BIOS and Overclocking
The Asus P6T6 WS Revolution utilizes a standard issue Phoenix Award BIOS that has a wide assortment of options for enabling and disabling features and peripherals, as well as overclocking and voltage adjustments.
This BIOS also has the same basic individual per-core CPU clock ratio adjustments that we demonstrated in our Intel Core i7 video spotlight, as well as Intel's Turbo Mode, dynamic clock ratio adjustments that can be set. In the case of an Extreme edition processor, you can of course dial up the core clock multiplier to a higher setting, as well as turn it down, though we tested with a stock Core i7 920 and thus there was no ability to adjust its multiplier, only the base reference clock speed. As you can see, there are various memory multiplier settings as well as a myriad of DRAM timing settings to choose from.
Voltage levels of all the major interfaces around the CPU, chipset and system memory can be adjusted in very granular increments. As you can see we have the ability to to tweak CPU VCore, VTT, and PLL voltages, as well as QPI and IOH voltage levels. You also have the ability to individually adjust control and data line voltages for the DRAM system memory interface, on a per channel basis. We're not sure what sort of advantage this can offer but regardless, it's obvious this board's BIOS is setup for extreme flexibility.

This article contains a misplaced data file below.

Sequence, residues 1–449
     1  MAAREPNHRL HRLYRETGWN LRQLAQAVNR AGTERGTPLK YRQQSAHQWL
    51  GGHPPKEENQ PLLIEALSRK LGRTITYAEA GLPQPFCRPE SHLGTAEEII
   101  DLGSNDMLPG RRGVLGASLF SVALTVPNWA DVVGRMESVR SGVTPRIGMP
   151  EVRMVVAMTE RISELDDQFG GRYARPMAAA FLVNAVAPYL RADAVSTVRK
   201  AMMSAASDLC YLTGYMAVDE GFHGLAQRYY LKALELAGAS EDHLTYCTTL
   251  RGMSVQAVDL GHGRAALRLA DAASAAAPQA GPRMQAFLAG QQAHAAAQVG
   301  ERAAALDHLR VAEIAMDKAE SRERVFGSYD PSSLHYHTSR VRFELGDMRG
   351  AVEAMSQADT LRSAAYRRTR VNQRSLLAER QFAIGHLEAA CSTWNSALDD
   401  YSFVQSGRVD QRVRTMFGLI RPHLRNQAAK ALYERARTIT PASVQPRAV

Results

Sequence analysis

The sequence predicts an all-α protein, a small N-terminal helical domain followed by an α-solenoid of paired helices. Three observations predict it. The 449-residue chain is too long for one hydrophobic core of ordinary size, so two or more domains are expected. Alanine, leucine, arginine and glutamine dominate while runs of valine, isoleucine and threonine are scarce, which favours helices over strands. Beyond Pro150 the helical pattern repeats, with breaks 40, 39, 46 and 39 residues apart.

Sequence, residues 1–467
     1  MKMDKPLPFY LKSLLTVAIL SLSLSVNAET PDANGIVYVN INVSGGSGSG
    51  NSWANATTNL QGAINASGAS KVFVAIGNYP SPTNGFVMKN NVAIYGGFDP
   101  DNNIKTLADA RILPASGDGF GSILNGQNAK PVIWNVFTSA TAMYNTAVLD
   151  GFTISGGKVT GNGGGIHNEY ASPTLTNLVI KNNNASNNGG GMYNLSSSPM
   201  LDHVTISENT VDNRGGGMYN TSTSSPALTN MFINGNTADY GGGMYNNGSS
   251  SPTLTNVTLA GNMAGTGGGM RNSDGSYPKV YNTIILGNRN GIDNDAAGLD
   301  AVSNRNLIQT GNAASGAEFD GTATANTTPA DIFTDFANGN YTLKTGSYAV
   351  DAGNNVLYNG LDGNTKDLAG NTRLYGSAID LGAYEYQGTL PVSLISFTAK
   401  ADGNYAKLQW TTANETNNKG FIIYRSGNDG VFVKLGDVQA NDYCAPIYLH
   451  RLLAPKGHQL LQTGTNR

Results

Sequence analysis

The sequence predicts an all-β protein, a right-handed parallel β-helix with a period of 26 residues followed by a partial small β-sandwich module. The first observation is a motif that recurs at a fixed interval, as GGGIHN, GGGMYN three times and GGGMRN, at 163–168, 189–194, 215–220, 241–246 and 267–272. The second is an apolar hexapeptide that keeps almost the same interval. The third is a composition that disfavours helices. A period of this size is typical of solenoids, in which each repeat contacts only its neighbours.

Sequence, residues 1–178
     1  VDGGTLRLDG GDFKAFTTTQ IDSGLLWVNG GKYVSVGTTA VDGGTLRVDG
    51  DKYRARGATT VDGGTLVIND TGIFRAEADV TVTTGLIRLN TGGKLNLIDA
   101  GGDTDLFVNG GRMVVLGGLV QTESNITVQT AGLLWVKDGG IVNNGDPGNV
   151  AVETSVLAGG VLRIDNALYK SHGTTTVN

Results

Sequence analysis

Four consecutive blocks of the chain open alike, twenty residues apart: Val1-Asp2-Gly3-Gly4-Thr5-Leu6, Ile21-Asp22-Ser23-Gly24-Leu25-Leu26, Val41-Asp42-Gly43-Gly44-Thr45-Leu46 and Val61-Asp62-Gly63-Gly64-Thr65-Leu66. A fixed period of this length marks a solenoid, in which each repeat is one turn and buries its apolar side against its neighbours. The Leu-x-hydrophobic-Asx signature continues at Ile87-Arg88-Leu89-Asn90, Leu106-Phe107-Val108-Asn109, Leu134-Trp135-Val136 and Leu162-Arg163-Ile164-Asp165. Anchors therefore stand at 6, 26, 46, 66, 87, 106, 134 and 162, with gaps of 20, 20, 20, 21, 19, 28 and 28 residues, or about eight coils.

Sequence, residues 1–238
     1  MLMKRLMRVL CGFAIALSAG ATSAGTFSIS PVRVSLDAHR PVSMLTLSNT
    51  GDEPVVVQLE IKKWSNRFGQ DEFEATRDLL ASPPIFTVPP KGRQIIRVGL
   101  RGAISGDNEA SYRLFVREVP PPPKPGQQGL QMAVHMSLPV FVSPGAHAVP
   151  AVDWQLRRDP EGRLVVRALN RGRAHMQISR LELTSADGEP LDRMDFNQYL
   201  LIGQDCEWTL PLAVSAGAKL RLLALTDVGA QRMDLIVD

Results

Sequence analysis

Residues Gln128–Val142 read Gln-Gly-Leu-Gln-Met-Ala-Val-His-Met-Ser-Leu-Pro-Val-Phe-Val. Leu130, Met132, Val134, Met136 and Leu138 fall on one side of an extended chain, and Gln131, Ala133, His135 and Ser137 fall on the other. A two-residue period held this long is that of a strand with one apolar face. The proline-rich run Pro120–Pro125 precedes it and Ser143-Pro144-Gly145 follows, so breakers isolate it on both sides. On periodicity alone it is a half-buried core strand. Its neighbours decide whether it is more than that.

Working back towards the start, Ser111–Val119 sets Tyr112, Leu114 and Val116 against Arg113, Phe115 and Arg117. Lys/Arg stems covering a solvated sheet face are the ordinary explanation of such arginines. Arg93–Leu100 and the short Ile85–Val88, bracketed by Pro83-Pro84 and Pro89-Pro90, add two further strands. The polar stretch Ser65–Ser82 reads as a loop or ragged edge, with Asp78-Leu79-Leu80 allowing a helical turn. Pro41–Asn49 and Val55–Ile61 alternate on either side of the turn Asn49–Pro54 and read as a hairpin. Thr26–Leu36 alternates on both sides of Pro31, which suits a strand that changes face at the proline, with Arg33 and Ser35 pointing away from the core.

If you got the chance to check out our initial Core i7 launch coverage, you'll know that Intel's new 45nm processor with integrated memory controller and QPI serial link, also has a lot of headroom with respect to clock speed. We set out to see what the Asus P6T6 was made of, overclocking our stock, retail Core i7 920 with only the help of a stock retail HSF cooler installed. Our results were rather impressive actually...
Core i7 920 2.66GHz - Overclocked to 3.99GHz
With only a small bump in core voltage to 1.35V, we were able take the reference clock of our retail Core i7 920 processor to 190MHz, up from its 133MHz stock speed. With its standard 20x multiplier and an additional 1X bump from Intel Turbo Mode technology in the BIOS, we realized a 3.99GHz clock speed with an overall multiplier of 21X. This is about as fast as we've seen any Core i7 920 hit to date in house, especially with a stock, retail Intel Core i7 cooler keeping things in line thermally.